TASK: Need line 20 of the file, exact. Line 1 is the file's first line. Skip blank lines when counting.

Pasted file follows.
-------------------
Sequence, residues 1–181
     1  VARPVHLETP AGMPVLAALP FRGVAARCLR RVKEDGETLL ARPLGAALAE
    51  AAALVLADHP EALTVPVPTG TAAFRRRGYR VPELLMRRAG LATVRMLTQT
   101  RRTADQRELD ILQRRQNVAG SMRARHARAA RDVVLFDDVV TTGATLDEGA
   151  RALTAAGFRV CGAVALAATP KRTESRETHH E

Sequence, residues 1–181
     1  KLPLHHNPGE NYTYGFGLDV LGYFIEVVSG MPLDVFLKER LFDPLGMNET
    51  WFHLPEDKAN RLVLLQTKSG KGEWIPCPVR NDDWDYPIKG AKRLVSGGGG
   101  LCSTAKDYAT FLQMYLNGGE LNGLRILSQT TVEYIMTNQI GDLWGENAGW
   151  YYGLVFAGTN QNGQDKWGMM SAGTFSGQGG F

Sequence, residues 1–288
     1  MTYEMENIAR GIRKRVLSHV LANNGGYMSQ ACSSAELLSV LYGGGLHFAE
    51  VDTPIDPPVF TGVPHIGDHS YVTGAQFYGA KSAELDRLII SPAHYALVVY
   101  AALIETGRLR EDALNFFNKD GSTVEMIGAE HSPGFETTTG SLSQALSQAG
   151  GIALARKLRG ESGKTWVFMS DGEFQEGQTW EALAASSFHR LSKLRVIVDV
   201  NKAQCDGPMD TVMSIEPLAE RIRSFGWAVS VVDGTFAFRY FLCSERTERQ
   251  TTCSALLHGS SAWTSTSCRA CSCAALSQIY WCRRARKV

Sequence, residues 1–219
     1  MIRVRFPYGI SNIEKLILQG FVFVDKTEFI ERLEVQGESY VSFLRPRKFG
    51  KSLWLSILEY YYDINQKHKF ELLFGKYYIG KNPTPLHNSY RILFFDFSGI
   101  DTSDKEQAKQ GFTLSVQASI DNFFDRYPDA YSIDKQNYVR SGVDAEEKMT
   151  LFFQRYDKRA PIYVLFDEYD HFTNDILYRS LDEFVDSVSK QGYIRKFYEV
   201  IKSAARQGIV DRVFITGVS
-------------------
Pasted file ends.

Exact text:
    51  KSLWLSILEY YYDINQKHKF ELLFGKYYIG KNPTPLHNSY RILFFDFSGI